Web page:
Published online by Cambridge University Press: 10 November 2010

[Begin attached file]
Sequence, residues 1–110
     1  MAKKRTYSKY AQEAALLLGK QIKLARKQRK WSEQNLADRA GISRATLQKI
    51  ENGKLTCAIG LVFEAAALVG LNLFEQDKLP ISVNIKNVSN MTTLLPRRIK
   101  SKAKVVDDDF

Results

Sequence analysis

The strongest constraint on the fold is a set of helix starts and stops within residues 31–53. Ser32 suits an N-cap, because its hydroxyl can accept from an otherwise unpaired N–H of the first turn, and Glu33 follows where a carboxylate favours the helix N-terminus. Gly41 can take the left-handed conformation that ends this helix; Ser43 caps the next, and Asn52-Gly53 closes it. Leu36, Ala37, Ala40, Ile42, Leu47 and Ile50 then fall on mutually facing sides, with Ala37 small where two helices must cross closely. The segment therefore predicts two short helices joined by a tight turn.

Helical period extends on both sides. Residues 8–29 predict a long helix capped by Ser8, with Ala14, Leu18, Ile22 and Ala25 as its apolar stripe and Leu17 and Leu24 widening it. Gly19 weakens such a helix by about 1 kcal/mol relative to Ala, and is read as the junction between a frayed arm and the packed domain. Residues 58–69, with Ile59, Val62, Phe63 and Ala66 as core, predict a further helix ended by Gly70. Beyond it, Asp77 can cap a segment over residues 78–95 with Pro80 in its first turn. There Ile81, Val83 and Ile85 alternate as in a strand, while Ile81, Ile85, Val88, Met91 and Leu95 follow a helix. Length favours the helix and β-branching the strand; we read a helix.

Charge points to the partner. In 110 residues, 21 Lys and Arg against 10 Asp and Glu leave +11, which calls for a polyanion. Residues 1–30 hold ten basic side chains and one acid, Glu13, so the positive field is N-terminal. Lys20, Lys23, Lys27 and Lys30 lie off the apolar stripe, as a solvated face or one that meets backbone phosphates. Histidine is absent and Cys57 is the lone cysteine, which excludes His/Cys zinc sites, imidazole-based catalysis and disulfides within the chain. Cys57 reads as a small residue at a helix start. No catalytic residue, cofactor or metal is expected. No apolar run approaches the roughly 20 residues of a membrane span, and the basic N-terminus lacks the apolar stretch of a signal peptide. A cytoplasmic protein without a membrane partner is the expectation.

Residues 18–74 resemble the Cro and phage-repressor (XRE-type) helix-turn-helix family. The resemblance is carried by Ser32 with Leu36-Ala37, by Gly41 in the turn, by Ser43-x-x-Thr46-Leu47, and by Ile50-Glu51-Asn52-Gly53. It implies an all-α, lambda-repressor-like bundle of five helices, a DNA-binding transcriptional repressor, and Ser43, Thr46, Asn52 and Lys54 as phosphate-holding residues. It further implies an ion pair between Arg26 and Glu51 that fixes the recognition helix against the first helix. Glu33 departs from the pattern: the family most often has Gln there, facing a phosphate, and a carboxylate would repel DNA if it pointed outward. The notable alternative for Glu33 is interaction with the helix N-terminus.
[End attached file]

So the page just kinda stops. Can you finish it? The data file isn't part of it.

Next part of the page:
Starbursts in four galaxy locations are discussed: on the periphery and in tidally ejected debris, in the main disk, in inner Lindblad resonance rings, and in the nucleus. Starbursts in dwarfs are also briefly mentioned. Possible reasons for the starbursts are summarized, mostly in the context of two theoretical models, one where star formation is initiated spontaneously by gravitational instabilities in disks, spiral arms or rings, and another where star formation is stimulated by high-pressure star clusters. The observed rates, efficiencies, and durations of star formation in all five regions follow from the models. We emphasize the importance of a critical density for star formation, which is approximately κ2/G for epicyclic frequency κ, and the importance of large-scale radial gas flows. Star formation tends to occur wherever the density exceeds the critical value. The rate of star formation is very large in inner rings and nuclear regions because the critical density is very high there. Normal galaxy disks have lower rates because of their lower κ. This difference in rates implies that inner rings and nuclear regions of galaxies can maintain their star formation for much shorter times than the main disks following an episode of gas accretion that makes the density exceed the critical value. Thus only the inner regions will have major fluctuations in the star formation rate. Normal galaxy disks probably have fluctuations too, but with lower amplitudes and longer durations.